Index ETF

Definition of 'Index ETF'


Exchange-traded funds that follow a specific benchmark index as closely as possible. Index ETFs are much like index mutual funds, but whereas the mutual fund shares can only be redeemed at one price daily, the closing net asset value (NAV), index ETFs can be bought and sold throughout the day on exchanges. Through an index ETF, investors get exposure to a large number of securities in a single transaction. Index ETFs can cover U.S. and foreign markets, specific sectors, or a specific class of stock (i.e. small-caps, ADRs, etc.) but all incorporate a passive investment strategy, only making portfolio changes when changes occur in the underlying index.

Investopedia explains 'Index ETF'


Index ETFs may occasionally trade at slight premiums or discounts to the fund's NAV, but any differences will quickly be ferreted out through arbitrage by institutional investors. In most cases, even the intraday prices will correlate rather precisely to the actual value of the underlying securities. Additional options are available such as leveraged ETFs or short ETFs, which will have a compound or inverse response, respectively, to the underlying index. Index ETFs can be found based on most of the major indexes such as the Dow Jones Industrial Average, the S&P 500 and the Russell 2000.

Costs are comparable to the cheapest no-load index mutual funds as measured by the expense ratio, but investors will typically have to pay standard commission rates for ETF trades. Mutual fund commission rates are typically lower than for exchange-traded securities.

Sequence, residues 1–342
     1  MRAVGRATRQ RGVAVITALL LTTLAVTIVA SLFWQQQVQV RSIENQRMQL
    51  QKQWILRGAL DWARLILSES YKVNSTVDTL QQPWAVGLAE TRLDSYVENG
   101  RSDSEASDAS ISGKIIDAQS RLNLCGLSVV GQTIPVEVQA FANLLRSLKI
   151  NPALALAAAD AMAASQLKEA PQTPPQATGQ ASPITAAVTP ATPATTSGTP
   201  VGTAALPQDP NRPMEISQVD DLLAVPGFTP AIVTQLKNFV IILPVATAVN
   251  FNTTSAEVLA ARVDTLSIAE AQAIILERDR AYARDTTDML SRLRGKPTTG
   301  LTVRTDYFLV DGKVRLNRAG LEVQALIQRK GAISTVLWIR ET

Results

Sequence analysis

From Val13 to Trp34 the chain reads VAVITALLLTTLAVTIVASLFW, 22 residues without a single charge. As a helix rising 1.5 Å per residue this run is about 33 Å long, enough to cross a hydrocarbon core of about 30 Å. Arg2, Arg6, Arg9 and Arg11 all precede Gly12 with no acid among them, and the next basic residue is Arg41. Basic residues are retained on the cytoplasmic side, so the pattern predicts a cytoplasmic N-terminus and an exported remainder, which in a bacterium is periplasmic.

Index ETFs can be set up as either grantor trusts, unit investment trusts (UITs) or open-ended mutual funds, and will have slightly different regulatory guidelines as a result. Most index ETF shares can be traded with limit orders, sold short and purchased on margin.



comments powered by Disqus
Hot Definitions
  1. Joint Venture - JV

    A business arrangement in which two or more parties agree to pool their resources for the purpose of accomplishing a specific task. This task can be a new project or any other business activity. In a joint venture (JV), each of the participants is responsible for profits, losses and costs associated with it.
  2. Aggregate Risk

    The exposure of a bank, financial institution, or any type of major investor to foreign exchange contracts - both spot and forward - from a single counterparty or client. Aggregate risk in forex may also be defined as the total exposure of an entity to changes or fluctuations in currency rates.
  3. Organic Growth

    The growth rate that a company can achieve by increasing output and enhancing sales. This excludes any profits or growth acquired from takeovers, acquisitions or mergers. Takeovers, acquisitions and mergers do not bring about profits generated within the company, and are therefore not considered organic.
  4. Family Limited Partnership - FLP

    A type of partnership designed to centralize family business or investment accounts. FLPs pool together a family's assets into one single family-owned business partnership that family members own shares of. FLPs are frequently used as an estate tax minimization strategy, as shares in the FLP can be transferred between generations, at lower taxation rates than would be applied to the partnership's holdings.
  5. Yield Burning

    The illegal practice of underwriters marking up the prices on bonds for the purpose of reducing the yield on the bond. This practice, referred to as "burning the yield," is done after the bond is placed in escrow for an investor who is awaiting repayment.
  6. Marginal Analysis

    An examination of the additional benefits of an activity compared to the additional costs of that activity. Companies use marginal analysis as a decision-making tool to help them maximize their profits. Individuals unconsciously use marginal analysis to make a host of everyday decisions. Marginal analysis is also widely used in microeconomics when analyzing how a complex system is affected by marginal manipulation of its comprising variables.
Trading Center